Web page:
Kingdom Of Heaven is not a completely historically accurate film but it is much closer to history than other films about the crusades. By setting the fictionalized story of Balian into the true setting of the fall of Jerusalem in 1187, Kingdom Of Heaven does well to capture the look and essence of the era while perhaps not presenting all the characters equal to history. Plus, unlike other crusades films, Kingdom Of Heaven sets out to do more than just entertain.

Since Kingdom Of Heaven was made after the 9-11-2001 attacks, it portrays the crusades along with the times and tries to be fair in its depiction of Muslims. One of the themes in Kingdom Of Heaven that rings true to a post-9-11 world is peace above disagreement. For example, because Balian is merciful to his opponents, his opponents return the favor, despite their disagreements over religion. Jerusalem itself is portrayed as a place where Christians, Jews and Muslims co-exist in peace. One scene sees Godfrey telling Balian how he values Jerusalem as a "new world" because people can live amongst others who are different from them (whether it be religious or national differences) in peace. Kingdom Of Heaven does deliver a fairly accurate portrait of the 12th Century Jerusalem, only with a heightened sense of tolerance.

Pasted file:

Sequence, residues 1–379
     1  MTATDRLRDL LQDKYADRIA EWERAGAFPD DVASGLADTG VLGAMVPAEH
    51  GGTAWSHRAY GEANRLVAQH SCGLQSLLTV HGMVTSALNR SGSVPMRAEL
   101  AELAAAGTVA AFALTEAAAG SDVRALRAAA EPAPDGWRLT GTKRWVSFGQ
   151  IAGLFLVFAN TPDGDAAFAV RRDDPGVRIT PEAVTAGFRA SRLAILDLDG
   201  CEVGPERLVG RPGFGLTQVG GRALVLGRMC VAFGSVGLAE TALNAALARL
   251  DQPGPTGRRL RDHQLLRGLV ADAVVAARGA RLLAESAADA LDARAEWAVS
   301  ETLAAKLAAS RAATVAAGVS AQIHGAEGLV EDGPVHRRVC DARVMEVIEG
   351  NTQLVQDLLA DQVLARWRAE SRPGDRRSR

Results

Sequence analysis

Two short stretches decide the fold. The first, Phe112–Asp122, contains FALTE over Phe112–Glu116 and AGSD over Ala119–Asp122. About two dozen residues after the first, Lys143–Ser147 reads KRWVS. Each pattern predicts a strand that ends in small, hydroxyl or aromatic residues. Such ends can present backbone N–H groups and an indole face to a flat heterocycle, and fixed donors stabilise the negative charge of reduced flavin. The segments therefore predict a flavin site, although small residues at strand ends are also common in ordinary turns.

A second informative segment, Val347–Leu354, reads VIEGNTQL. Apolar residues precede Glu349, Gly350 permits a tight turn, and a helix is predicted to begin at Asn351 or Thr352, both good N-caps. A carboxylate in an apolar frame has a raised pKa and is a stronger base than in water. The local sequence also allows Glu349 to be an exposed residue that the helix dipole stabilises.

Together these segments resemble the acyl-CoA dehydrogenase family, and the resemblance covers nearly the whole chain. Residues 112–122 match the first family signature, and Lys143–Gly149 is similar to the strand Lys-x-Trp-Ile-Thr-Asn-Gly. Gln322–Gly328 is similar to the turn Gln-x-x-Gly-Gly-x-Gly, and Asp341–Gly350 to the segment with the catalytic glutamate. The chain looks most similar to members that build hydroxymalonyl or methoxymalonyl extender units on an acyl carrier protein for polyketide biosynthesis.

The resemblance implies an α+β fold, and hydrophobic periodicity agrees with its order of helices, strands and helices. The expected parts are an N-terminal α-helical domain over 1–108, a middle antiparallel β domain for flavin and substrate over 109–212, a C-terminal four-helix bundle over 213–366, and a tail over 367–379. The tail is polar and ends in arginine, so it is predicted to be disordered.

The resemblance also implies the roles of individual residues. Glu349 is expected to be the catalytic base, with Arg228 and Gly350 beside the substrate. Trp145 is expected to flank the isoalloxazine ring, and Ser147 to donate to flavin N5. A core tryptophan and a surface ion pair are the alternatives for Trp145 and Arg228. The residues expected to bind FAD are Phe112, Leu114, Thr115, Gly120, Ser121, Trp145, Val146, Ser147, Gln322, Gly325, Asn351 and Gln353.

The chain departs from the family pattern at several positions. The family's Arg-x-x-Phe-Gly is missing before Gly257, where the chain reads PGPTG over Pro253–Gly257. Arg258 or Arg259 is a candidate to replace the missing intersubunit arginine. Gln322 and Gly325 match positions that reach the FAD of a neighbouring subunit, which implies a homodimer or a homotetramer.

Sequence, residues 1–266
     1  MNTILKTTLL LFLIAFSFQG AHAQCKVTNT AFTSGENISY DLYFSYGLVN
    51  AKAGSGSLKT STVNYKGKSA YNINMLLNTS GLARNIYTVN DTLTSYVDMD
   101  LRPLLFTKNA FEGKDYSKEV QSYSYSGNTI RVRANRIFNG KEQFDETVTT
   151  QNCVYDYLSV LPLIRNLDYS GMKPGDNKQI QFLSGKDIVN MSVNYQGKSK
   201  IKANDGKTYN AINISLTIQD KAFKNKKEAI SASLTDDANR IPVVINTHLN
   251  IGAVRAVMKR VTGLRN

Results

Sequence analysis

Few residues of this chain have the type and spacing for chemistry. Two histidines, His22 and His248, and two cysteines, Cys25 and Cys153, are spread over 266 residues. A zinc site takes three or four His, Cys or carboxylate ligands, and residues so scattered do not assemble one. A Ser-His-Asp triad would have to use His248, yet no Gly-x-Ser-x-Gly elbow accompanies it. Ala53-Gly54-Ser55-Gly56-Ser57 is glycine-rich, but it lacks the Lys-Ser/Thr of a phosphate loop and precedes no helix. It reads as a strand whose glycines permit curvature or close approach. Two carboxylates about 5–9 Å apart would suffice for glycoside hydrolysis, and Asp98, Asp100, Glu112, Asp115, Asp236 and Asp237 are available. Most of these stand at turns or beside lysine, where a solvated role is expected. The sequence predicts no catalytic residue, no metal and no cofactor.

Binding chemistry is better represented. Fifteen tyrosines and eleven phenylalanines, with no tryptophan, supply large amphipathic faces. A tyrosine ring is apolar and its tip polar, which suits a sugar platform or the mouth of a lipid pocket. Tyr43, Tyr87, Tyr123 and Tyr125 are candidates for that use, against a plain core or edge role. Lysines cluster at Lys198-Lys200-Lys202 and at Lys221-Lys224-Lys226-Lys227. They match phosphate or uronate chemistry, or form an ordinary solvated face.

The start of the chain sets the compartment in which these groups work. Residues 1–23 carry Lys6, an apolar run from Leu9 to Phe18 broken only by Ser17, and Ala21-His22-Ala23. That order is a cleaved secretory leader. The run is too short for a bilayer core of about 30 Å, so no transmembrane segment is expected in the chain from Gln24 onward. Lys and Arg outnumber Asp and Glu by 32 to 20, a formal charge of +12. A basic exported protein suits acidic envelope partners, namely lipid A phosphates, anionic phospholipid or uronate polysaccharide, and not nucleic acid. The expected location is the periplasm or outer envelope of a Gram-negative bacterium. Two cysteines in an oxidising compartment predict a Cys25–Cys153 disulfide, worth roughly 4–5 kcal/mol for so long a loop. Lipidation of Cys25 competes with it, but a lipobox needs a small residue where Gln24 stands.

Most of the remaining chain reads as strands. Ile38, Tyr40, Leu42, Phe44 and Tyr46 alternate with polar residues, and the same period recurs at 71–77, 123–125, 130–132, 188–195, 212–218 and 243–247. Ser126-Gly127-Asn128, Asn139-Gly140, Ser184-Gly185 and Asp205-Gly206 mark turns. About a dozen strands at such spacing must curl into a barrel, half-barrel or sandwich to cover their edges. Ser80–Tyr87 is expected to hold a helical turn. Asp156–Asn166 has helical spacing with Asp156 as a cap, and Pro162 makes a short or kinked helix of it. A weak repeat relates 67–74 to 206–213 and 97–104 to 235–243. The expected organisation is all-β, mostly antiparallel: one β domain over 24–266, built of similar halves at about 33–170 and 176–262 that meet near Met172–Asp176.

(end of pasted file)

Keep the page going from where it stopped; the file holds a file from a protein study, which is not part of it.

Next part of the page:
But in this process of trying to portray the Muslims fairly, the Christians wind up with an unfair portrayal. One gets an impression of how the film regards the Crusaders right away as the film begins with words on top of a black background accusing them of, as well as looking for salvation, being in "search of fortune." I guess that we are meant to forget that many Crusaders sold off their possessions back home in Europe to fight in the Holy Land? The film continues on from its very opening generally depicting the Crusaders as vicious bloody thirsty killers. Kingdom Of Heaven features many composed, knowledgeable Muslim characters but a whole host of slobbering, screaming, war-crazed Christian soldiers.